In the social sector, the picture is similar. NGOs like Care International have been applying the Goals into their work in developing countries and their own work and systems, while the number of domestic charities explicitly aligning their work to the Goals is limited in our experience.
Towards a Cross Sector Approach
But the ultimate promise of the Goals is not in the isolated actions of individual organisations. Rather, it is in their potential to produce a shared agenda for social change across sectors, and, as a result, to broker new partnerships and facilitate learning between the different actors engaged in similar work. To my mind, this is where some of the most exciting SDG-related work is happening.
One example is the Cities Changing Diabetes partnership, convened by pharmaceutical giant Novo Nordisk, whose outgoing CEO Lars Rebien Sorensen has twice running been top of Harvard Business Review’s CEO-ranking, partly because of the firm’s commitment to social impact. Contributing to SDGs 3 and 11 (good health and sustainable cities) the partnership is a platform for cross-disciplinary, cross-sector collaboration to respond to the rise in urban diabetes around the world.
My hope is that this type of partnership work, employing the various strengths of organisations in different sectors and with different motivations, is something we can take inspiration from in a national context.
I look across this work and I feel inspired by the sheer vibrancy and endeavour which characterises the work already aligned to the Goals, whether that work comes from the private, public or social sector. But I also see two big opportunities, both of which I think are currently undervalued.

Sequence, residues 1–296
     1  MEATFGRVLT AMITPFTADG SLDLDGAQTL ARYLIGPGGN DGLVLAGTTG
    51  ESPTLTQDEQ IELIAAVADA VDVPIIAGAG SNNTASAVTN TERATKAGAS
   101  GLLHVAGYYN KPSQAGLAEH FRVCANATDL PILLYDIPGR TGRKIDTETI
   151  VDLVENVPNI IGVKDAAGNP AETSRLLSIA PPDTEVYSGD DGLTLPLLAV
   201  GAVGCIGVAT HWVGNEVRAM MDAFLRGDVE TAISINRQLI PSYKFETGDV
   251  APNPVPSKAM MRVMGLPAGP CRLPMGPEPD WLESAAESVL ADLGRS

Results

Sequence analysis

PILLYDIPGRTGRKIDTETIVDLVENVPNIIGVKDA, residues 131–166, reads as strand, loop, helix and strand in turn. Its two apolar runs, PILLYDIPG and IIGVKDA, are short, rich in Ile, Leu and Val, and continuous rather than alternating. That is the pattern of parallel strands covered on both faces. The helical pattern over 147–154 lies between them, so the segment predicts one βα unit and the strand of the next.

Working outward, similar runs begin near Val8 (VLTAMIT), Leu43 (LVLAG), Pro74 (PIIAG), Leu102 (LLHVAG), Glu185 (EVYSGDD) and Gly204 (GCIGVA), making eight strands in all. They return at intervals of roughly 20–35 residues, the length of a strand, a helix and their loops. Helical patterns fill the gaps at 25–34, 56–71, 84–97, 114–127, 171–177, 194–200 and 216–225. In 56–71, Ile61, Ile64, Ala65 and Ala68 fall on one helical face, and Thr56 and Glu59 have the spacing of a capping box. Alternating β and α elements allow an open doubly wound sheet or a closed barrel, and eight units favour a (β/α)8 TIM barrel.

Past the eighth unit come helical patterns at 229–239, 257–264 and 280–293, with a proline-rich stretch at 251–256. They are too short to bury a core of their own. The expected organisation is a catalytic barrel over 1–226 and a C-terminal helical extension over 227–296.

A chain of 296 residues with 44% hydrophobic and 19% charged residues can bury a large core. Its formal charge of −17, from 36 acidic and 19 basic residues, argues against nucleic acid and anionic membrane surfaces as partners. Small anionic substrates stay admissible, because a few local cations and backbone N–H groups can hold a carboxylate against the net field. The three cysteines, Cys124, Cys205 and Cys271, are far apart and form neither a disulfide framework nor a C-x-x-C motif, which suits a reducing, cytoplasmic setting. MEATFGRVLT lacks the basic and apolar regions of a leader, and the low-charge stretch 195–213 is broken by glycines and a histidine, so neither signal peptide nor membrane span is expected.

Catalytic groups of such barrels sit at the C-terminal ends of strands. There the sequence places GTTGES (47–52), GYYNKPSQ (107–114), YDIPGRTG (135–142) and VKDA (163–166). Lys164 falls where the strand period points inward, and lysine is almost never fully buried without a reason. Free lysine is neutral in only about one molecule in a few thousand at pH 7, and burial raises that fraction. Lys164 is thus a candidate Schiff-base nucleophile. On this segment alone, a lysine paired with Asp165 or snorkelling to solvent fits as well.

Firstly, I would like to see the people and organisations working in the social change ecosystem in the UK to translate the Goals into a UK context and use that narrative to galvanize social action. It is probably fair to say that the organisations to engage most fully with the Goals so far have had an international footprint or focus, but there is no reason this agenda shouldn’t translate. We’ve started that process ourselves with our project the Koreo Prize, which translates the goals into six current issues facing the UK, and challenges young people to explore them in a way that embraces their complexity.
Secondly, as someone who has spent the last 20 years developing talent for mission-driven organisations through consultancy and programmes like Charityworks and Change100, I can’t help but think of the huge opportunity the Goals provide to engage and develop staff.
Talent will always be fundamental to an organisation’s ability to drive change, both internally and externally. In our research, we found that leaders saw their employees as the factor most likely to drive their organisation’s social impact. As the fight for talent becomes ever fiercer, and talent becomes more and more socially conscious, the goals should give employers of all types and sizes an opportunity to provide their staff with a platform to engage with social issues through their work.
If we can bring the Goals to life for our organisations and employees in the UK, we will have a potent tool to drive both organisational performance and social impact. The pockets of practice I’ve referred to above are exciting, but the opportunity is so much greater.
Rachel Whale is Founder and CEO of Koreo, a leading UK people development provider for organisations with social purpose.